Virus claims international moot court
The continued international spread of the COVID-19 coronavirus has halted the travel plans of thousands, including now law students from around the world set to participate in the annual Vis Moot court in Vienna, Austria, next month.
Students from 400 law schools around the world, including UIC John Marshall Law School, have been preparing for the competition since October when the hypothetical disputes the participants would argue were released.
Students and coaches, who have already submitted written materials for the competition, were notified of the event’s cancellation last Friday, a slightly less than a month before the opening ceremonies were scheduled to start.
In the official cancellation announcement, the organizing body wrote “while we would normally say one of the Moot’s greatest strengths is that it is an event which brings together thousands of people from all over the world that is, unfortunately, we must recognize, one of its greatest risks today … Due to the recent developments concerning [COVID]-19 it would be irresponsible to gather thousands of people coming from so many different countries and run the risk of further spreading [COVID]-19 into the world.”
The event organizers have suggested that the event could be moved to a virtual format with teams using video chat software to compete with their oral argument rounds, but the logistics have not been worked out and teams are awaiting official confirmation that the competition will proceed online.
“This is like the Olympics of law school,” said John Marshall coach Kristen Hudson, an attorney for Chuhak & Tecson P.C. “We were heartbroken to hear it had been canceled, but we still have an opportunity to compete and we’re going to hopefully gain momentum for this new format.”
The cancellation was not without warning. Earlier in the year it was announced that the competition’s sister event, The Vis East Moot in Hong Kong, was canceled due to concerns over the virus.
The smaller Hong Kong competition was scheduled from March 22 to 29 and will now be conducted online. Additionally, several premoots (practice events used like scrimmages before the competition) were canceled in the lead up to Vienna, including DLA Piper Madrid’s premoot in Spain which the John Marshall students were slated to attend the week before the Vis.
“We were working on rescheduling our plans from Madrid when we found out Vienna was canceled,” Hudson said. “We had been monitoring the situation closely, but we were cautiously optimistic.”
The move comes as the Austrian government has closed all public museums, halted classes at universities and placed a ban on all large gatherings until the end of March.
It is also one of many precautions being taken by educational institutions. Several colleges, including Loyola University, have canceled study abroad programs and recalled students from international campuses in Italy and other parts of Europe and Asia.
Meanwhile, other schools including DePaul, Northwestern, University of Chicago, University of Illinois and Illinois State have canceled in-person classes at their U.S. campuses in favor of online teaching.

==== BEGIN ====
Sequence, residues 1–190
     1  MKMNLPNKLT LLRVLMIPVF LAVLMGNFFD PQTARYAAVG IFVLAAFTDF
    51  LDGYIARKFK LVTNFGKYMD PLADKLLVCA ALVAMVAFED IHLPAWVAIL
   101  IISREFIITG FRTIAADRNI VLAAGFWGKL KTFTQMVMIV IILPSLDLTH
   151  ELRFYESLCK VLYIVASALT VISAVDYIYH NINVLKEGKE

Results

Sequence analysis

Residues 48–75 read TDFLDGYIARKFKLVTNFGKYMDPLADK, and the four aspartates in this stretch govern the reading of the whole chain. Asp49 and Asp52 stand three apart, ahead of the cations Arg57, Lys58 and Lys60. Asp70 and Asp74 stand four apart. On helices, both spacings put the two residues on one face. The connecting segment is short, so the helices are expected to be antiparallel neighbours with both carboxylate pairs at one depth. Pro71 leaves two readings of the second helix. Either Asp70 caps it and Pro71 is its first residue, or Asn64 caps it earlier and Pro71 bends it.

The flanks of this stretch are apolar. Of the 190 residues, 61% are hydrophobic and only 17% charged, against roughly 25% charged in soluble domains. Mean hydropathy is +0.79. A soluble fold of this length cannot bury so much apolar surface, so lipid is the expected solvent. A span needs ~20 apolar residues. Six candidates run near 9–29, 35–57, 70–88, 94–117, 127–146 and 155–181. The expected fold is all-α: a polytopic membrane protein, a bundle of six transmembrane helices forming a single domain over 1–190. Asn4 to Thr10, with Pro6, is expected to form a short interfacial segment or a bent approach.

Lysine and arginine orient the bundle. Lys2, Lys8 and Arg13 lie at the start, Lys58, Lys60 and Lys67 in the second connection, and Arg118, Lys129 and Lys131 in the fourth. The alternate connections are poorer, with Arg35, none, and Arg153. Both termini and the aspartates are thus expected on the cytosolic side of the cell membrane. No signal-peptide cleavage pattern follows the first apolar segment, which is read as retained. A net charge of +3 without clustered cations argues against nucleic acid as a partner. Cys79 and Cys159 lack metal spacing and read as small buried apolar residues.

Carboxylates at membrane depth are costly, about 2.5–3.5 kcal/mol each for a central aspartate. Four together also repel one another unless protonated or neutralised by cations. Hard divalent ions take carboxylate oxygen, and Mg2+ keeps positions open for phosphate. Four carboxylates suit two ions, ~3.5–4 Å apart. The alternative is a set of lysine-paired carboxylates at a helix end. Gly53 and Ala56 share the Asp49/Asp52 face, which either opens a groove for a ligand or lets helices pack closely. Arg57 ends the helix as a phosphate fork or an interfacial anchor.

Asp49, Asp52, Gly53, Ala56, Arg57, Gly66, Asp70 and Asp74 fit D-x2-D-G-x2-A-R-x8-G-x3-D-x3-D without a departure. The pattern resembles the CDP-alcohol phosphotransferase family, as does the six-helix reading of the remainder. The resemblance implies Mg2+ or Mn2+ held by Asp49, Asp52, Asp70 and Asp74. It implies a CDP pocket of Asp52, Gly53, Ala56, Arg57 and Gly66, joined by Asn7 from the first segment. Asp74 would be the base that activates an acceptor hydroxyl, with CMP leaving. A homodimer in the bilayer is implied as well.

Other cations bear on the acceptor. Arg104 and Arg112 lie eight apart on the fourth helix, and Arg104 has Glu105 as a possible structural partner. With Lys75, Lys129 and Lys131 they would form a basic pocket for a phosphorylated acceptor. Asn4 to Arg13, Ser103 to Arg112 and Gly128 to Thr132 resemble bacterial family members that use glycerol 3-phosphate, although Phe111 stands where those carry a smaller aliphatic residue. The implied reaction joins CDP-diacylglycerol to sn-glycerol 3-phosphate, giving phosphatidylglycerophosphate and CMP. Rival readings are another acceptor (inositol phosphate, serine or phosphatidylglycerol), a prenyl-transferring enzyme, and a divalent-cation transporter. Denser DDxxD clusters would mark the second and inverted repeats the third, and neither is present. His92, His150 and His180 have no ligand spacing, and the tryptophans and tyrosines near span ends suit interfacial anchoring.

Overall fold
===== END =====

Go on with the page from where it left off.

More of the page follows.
Assuming the Vis Moot moves forward online, Hudson still anticipates her team to be successful. The four students who had been slated to travel to Vienna have already made contact with other teams, including a group from the University of Tehran in Iran to practice their oral arguments over Skype.
“We’d been practicing our live oral arguments in front of alumni who volunteered to give us feedback, when we found out live oral arguments were being canceled,” Hudson said. “We need to change our strategy to present via video conference and increase our efforts to make sure we’re ready for a different platform.”
To accomplish this, Hudson has enlisted the assistance of local actress Carolyn Kruse to work with the students on their on-camera presence.
“As actors transitioning from stage to screen the main difference is adjusting your circle of attention,” Kruse said. “They have to keep their same preparation and emotion, but they have to learn to project only to the camera, not an entire room.”
Kruse will also recommend the students record their practices so they can watch and critique themselves on camera.
“They’ll do great. They just have to flip a little switch inside them to adjust their performance while retaining all the information they’ve been working on,” she said.
As for the competitors, 3L students Humza Ansari, Sara Geoghegan and Gabriella Neace, as well as 2L student Alexandra Pruitt, they have noted they were disappointed with the turn of events, but remain hopeful they will get to proceed in the new format.
“It was super shocking when we found out they were canceling the meet up,” said Ansari, who was recognized as 2nd Runner Up Best Oralist at a premoot hosted by Loyola last month. “I think we would have had a really strong team going, but we’re already working on practicing with other schools over Skype. We just have to make sure we enunciate clearly and be careful of connection lags.”
“We’re already getting used to it,” Neace said of the Skype speaking. “Doing the contest virtually is difficult logistically, but it will be better than nothing. The organizers just have a lot of work to do to figure it out,” she added.
“We’ve had to change our practice plan, but it’s not entirely new for us,” Geoghegan noted. “It’s obviously disappointing, since this competition is unlike anything else, but if it goes forward online we’ll be very excited to take part. In the big picture, it’s definitely better to move it and keep everyone safe.”
Neace continued to look on the bright side of the cancellation. “At least we haven’t had our lives totally disrupted by the virus like so many other people who’ve been locked down have. Even if it doesn’t go forward it’s still been a valuable experience.”
Chicago Daily Law Bulletin